Gear
Gear Guy
Q:

How can I keep my bike from rusting around salt water?

I live near the ocean, and every part on my bike that isn't aluminum or titanium is rusting. Is there something that could help save my bike?

(Photo: Inc via Shutterstock)
A:

There are several products out there that will help, Mike, although I won t guarantee all will be perfect. What you want to do is get a thin film of something a little bit waxy or greasy over the metal parts, and then that will fend off moisture that will begin the oxidation process. Silicon spray, for instance, is a generic product that a number of lubricant manufacturers sell (in my garage I have Prestone Silicon Spray about $3 a can) and it works well as a rust inhibitor. Just spray it on and wipe off the excess, or let it dry for extra rust protection.

Boeshield T-9

Boeshield T-9

Another good product is Boeshield T-9, developed by Boeing as a rust inhibitor on aircraft and aircraft parts. It contains lubricants and waxes, has excellent penetrating qualities, and dries to a waxy film that can last for weeks or even months. It s about $7 for four ounces, and is available from places such as Bike Nashbar (nashbar.com). It s also an excellent chain lubricant.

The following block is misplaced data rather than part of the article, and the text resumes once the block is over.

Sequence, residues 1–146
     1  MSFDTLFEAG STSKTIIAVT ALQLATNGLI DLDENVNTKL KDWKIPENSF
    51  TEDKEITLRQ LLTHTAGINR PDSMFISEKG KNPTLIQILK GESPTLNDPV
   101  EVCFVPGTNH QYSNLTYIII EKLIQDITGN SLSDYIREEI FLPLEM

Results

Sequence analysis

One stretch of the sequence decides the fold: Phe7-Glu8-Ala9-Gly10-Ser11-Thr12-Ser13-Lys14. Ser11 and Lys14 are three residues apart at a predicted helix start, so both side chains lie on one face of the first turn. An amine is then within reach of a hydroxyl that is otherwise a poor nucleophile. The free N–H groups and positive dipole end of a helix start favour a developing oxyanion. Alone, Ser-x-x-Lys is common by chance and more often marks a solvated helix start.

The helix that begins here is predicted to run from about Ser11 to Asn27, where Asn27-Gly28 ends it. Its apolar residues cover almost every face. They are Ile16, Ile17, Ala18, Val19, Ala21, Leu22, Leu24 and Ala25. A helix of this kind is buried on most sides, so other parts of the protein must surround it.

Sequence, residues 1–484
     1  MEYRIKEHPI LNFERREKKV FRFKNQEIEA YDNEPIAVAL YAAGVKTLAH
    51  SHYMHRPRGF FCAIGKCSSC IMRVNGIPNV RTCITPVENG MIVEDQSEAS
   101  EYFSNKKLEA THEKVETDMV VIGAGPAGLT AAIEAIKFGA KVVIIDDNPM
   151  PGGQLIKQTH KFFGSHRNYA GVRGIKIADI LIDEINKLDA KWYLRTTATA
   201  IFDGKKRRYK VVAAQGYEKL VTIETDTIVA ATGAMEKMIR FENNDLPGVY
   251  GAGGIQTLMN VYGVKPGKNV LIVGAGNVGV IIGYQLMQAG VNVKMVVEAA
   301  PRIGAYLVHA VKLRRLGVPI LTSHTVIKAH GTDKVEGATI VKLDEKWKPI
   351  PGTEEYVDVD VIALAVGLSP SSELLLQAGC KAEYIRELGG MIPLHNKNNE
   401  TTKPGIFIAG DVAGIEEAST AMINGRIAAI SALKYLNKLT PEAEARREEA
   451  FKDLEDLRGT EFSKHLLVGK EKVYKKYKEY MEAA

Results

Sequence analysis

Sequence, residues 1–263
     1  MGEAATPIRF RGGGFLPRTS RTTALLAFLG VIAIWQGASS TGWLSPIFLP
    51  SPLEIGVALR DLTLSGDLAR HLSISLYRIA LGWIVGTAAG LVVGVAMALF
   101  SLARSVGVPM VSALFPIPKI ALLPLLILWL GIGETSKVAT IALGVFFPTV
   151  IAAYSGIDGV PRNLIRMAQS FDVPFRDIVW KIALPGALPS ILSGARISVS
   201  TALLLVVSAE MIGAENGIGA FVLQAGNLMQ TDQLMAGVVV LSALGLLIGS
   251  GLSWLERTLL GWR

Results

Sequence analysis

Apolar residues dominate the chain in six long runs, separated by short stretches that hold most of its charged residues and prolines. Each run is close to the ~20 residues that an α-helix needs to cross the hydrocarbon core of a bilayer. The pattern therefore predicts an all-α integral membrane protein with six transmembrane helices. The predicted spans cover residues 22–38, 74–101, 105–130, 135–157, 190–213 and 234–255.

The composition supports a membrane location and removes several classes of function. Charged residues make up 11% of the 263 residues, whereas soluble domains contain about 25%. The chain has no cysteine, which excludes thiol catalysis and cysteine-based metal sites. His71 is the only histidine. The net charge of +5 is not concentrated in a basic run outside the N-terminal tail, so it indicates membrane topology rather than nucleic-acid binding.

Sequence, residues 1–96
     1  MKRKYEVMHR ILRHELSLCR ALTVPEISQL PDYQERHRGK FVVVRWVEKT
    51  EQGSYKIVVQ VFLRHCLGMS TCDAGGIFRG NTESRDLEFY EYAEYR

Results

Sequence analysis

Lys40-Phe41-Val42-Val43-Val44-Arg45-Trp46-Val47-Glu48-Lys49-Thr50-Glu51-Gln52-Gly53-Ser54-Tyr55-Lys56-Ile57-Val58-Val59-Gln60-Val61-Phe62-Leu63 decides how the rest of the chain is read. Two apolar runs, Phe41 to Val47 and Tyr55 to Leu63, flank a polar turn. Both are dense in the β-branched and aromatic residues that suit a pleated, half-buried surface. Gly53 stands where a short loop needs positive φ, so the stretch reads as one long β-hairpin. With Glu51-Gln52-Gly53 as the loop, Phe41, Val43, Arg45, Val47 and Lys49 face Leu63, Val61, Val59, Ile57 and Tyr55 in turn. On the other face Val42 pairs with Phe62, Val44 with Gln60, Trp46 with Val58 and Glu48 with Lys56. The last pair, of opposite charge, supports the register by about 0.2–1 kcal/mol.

Lastly, linseed oil a drying oil can be rubbed onto bikes and bike parts for a durable, inexpensive rust-preventative. I believe it s one of the ingredients in J.P. Weigle s Frame Saver ($15; competitivecyclist.com) which is often recommended as a treatment for the interior of steel frames: spray it down the seat tube, top tubes and bottom bracket area, and allow to dry.

Any spray-on stuff such as what I ve mentioned may have the side effect of attracting dust, so always use as sparingly as seems reasonable. And try to keep them away from the bike paint, as they ll make it extremely difficult to re-paint the bike, should that ever be necessary.

So how is the bicycling in Morocco? Send us some photos.

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Lead Photo: Inc via Shutterstock
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